Here’s how Dayton is honoring 50th anniversary of MLK’s death today

Michael Luther King, Jr. with his wife Coretta Scott King at Antioch College in Yellow Springs in 1965. DAYTON DAILY NEWS ARCHIVE
Caption
Michael Luther King, Jr. with his wife Coretta Scott King at Antioch College in Yellow Springs in 1965. DAYTON DAILY NEWS ARCHIVE

When Martin Luther King Jr. came to Dayton just weeks after being awarded the Nobel Peace Prize and months after congress passed the Civil Rights Act of 1964, he told a University of Dayton crowd that “Negroes have come a long, long way but we have a long, long way to go.”

Today, race relations have improved but just days before the 50th anniversary of King’s death some would say they have a long way to go.

Though progress has been made, King’s message is one that still resonates today with people of all races, said Edward Twyman, director of Wright State’s Bolinga Black Cultural Resources Center.

“Even today, I am still in awe of the power, impact and relevancy of his speeches,” Twyman said. “Those issues he fought for 50 years ago are still relevant today.”

King was assassinated at 6:01 p.m. on April 4, 1968 at the Lorraine Motel in Memphis, Tenn. Today, the nation will commemorate the death of the civil rights leader. Across this region, organizations, businesses and college will celebrate the significant events in King’s life with planned events and remembrances.

He was 39-years-old when he died and to honor King’s work, churches and organizations throughout southwest Ohio and the country will ring their bells 39 times. Bells in Memphis will ring at the exact time of King’s death while bells in Ohio will ring at 6:05 p.m. and throughout the rest of the world at 6:07 p.m. to represent how the news of his assignation rippled across the globe.

A national 50-second moment of silence also is planned that same evening.

PHOTOS: Check out this nearly $1M Beavercreek home with outdoor pool

“The memory of someone’s birth is not important but the memory of someone’s death is much more important because its about what they’ve done and who they are,” said Daryl Ward, pastor at Omega Baptist Church. “That’s why April 4 is so important to me.”

Locally, Carillon Park, the University of Dayton, Wright State University and Omega Baptist Church are expected to participate and organizers said dozens of others will too.

The commemoration is a “fitting tribute” to King, said Brady Kress, president and CEO of Dayton History which oversees Carillon Historical Park. The park has tolled its bells to mark just a few occasions, including the anniversary of the death of former president John F. Kennedy as well as the attacks on Pearl Harbor and Sept. 11, 2001, Kress said.

“This is one that we thought we’d do and was the right thing to do,” said Brady Kress, president of Dayton History. “We wanted to pay our respects.”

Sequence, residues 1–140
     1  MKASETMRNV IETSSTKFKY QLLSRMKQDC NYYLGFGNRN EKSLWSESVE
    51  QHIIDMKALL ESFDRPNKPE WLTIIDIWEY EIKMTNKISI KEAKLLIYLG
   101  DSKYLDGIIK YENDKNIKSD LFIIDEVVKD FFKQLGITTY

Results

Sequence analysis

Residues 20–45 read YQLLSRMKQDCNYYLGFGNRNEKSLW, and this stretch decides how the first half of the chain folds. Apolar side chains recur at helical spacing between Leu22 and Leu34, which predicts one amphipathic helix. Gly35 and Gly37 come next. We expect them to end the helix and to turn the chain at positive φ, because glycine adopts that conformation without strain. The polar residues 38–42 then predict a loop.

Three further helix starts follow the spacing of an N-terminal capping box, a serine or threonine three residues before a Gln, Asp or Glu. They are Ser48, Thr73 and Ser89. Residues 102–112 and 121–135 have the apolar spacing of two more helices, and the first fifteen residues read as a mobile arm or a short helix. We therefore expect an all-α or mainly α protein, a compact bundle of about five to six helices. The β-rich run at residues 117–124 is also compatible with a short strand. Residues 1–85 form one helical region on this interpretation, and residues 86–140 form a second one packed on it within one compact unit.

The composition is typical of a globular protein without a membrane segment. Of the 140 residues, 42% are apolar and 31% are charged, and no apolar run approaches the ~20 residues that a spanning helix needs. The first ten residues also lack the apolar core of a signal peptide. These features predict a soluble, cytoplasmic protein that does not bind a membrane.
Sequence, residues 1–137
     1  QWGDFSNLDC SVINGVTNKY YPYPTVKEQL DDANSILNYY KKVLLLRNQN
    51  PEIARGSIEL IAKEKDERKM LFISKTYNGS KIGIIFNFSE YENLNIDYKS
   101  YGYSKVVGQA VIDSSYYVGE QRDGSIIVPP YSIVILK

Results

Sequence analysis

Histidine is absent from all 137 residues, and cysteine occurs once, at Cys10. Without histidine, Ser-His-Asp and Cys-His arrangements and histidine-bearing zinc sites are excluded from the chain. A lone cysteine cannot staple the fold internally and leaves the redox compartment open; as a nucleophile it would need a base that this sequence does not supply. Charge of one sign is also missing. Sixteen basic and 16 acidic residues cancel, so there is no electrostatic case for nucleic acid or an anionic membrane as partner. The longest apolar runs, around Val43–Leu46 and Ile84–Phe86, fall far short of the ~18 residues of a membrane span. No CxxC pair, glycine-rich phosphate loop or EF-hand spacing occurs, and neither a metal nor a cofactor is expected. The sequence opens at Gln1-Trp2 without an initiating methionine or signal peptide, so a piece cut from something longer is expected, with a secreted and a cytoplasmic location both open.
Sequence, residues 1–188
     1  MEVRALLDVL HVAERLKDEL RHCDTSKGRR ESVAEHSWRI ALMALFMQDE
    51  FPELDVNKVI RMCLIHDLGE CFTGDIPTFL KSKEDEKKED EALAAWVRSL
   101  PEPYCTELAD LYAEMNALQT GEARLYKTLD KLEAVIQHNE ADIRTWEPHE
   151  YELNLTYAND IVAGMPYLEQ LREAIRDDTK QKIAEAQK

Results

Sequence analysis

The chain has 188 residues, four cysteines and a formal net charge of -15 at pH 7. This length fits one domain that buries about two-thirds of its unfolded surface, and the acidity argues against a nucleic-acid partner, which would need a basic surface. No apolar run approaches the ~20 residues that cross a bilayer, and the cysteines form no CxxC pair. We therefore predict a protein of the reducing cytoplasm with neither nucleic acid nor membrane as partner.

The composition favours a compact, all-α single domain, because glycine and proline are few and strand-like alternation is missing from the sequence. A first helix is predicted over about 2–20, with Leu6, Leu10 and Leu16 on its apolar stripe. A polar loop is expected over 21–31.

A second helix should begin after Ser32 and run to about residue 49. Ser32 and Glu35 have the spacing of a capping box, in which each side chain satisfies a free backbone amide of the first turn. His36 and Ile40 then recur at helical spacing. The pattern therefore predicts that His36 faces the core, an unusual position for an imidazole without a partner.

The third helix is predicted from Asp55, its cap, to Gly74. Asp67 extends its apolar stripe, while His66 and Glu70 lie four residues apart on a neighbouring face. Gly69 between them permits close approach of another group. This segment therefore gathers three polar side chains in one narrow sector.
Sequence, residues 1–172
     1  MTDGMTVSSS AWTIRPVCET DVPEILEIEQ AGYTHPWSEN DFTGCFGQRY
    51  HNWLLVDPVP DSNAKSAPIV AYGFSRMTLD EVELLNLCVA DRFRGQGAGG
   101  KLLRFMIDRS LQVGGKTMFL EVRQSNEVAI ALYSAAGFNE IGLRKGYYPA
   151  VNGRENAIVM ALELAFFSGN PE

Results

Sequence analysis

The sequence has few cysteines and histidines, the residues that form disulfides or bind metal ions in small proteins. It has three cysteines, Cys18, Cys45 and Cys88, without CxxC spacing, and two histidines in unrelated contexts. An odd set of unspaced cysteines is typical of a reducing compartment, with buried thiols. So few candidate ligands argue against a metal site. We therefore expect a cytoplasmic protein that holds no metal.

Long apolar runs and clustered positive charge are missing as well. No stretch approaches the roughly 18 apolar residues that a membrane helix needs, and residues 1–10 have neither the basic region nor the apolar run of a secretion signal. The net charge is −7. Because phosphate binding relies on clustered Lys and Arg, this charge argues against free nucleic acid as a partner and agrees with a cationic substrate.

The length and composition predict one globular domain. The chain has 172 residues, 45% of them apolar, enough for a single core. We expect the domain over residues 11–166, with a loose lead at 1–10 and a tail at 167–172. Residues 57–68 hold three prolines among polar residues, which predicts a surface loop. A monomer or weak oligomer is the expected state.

King visited the Dayton region several times and has dozens of connections to the area.

He gave commencement speeches at Central State University, Wilberforce University and Antioch College. His wife, Coretta Scott King, was also an activist and graduate of Antioch, where a building now bares her name. In 1964 King spoke at UD and he was also presented the key to the city.

RELATED: Ohio State says a high GPA works against young women job hunters

Along with the bell toll, both Wright State and UD will host activities to honor King.

At Wright State, students will be able to watch a live stream of programs taking place at the National Civil Rights Museum beginning at 11 a.m. and students and community members will gather at the campus ministry center at 7 p.m. to reflect on King’s death, according to the university.

UD hosted a viewing of the last speech King right before he was assassinated on Tuesday and the public is invited to gather at the university’s memorial to King for a brief remembrance at noon today followed by a procession to a 12:30 p.m. Mass. Terri Freeman, a UD alumna who serves as president of the National Civil Rights Museum will speak at an event int he Kennedy Union ballroom at 7 p.m., April 12, according to the university.

The year of King’s assassination — 1968 — was a challenging one for Americans, said said Roger Crum, a UD art history professor and member of the school’s planning committee that helped organize the April events for King. In a lot of ways, the tensions of 1968 are similar to cultural and racial issues that erupted recently in response to police brutality and the violence in Charlottesville, Virginia, he said.

“These are not strictly historical issues. They remain contemporary issues,” Crum said.

RELATED: Ohio University planning big changes for Greene County location